Sep 06 2011

Top 10 Household Pet Poisons Of 2009

In 2009, the ASPCA’s Animal Poison Control Center (APCC) in Urbana, IL, handled more than 140,000 cases of pets exposed to toxic substances, many of which included everyday household products.

They tabulated a list of the top 10 poisons that are commonly found around our homes in an effort to further raise public awareness about the potential dangers. They are listed below in order of occurrence.

  • Human Medications, with 45,816 cases. This includes both prescription and over-the-counter drugs, such as pain killers, cold medications, dietary supplements, and antidepressants.
  • Insecticides, with 2,020 cases. The most common incident involved the misuse of flea and tick products, including using the wrong product on the wrong species (i.e. using a dog product on a cat).
  • Human Food, with 17,453 cases. Certain foods are toxic to animals, including chocolate, grapes, raisins, avocados, and the natural sweetener xylitol.
  • Houseplants, with 7,858 cases. Some common houseplants are toxic to our pets, including azaleas, halanchoe, schefflera, and all varieties of lilies. Lilies are especially toxic to cats.
  • Veterinary Medications, with 7,680 cases. Although these products are specifically dispensed for use in animals, misapplication or inadvertent overdose (either by the pet owner misunderstanding instructions or the pet accidentally eating an entire package of medication) resulted in these toxicities.
  • Rodenticides, with 6,639 cases involving either rat or mouse poison.
  • Household cleaners, with 4,143 calls. Cleaners such as bleaches, detergents and disinfectants can be hazardous to our pets, who may be exposed through direct contact on their paws or through inhalation of the fumes.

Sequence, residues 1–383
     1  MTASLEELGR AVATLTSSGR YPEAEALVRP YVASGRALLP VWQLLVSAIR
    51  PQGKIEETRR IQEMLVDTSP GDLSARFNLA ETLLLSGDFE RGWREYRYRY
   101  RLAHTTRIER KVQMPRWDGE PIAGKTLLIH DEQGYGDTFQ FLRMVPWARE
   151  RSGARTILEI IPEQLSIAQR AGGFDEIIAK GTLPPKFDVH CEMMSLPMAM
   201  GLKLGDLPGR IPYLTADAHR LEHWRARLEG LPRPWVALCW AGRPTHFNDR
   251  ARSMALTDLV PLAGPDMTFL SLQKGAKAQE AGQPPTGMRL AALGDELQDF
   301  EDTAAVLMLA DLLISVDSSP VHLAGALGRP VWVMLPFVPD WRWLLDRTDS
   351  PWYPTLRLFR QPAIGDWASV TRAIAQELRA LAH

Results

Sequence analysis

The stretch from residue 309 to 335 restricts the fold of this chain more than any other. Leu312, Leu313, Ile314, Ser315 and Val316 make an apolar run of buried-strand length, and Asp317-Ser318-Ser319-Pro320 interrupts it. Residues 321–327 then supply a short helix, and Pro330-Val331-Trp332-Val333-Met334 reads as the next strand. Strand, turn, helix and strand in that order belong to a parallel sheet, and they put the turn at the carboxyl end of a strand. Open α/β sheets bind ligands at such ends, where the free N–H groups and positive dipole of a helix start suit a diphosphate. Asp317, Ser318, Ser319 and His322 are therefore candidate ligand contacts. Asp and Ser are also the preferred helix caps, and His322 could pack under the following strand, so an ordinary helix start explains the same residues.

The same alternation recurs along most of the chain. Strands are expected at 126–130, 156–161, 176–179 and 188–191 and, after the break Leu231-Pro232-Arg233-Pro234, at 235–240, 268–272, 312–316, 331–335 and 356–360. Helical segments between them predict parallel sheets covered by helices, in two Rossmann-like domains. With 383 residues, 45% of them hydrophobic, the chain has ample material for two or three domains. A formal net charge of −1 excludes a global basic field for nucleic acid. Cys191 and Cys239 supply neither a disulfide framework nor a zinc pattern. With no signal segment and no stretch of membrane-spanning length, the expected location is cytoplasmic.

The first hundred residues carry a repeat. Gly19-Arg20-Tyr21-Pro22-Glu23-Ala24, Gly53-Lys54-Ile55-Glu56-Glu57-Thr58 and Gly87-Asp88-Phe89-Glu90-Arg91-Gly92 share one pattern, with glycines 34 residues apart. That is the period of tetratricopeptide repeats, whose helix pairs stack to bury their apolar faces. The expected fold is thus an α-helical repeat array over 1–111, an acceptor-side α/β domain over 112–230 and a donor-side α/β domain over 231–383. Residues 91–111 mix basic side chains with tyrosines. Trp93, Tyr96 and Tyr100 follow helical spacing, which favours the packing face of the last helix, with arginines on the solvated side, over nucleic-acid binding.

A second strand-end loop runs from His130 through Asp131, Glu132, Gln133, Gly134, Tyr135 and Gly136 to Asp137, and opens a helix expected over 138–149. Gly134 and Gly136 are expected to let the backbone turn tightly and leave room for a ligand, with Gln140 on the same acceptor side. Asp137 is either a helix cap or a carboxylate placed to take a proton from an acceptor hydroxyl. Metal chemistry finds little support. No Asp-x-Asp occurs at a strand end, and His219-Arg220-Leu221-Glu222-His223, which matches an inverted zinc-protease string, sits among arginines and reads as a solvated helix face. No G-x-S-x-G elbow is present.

• Heavy metals, with 3,304 cases of pet poisonings from lead, zinc or mercury exposure.
  • Fertilizers and other garden products, at 2,329 cases. Included in this group of poisons are some types of fertilizer, slug baits, cocoa bean mulch, etc.
  • Household chemicals, at 2,175 cases. This category is rising in recent years, with dangers being posed by ethylene glycol antifreeze, paint thinners, drain cleaners and pool or spa chemicals.

If you suspect your pet has ingested something toxic, do not waste any time. Contact your veterinarian or local Veterinary Emergency Clinic IMMEDIATELY. For further information about potential toxins in your house, speak with your veterinary clinic or go to www.aspca.org/pet-care/poison-control/ .

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Caution: These news items, written by Lifelearn Inc., are licensed to this practice for the personal use of our clients. Any copying, printing or further distribution is prohibited without the express written permission of Lifelearn Inc. Please note that the news information presented here is NOT a substitute for a proper consultation and/or clinical examination of your pet by our clinic veterinarian.

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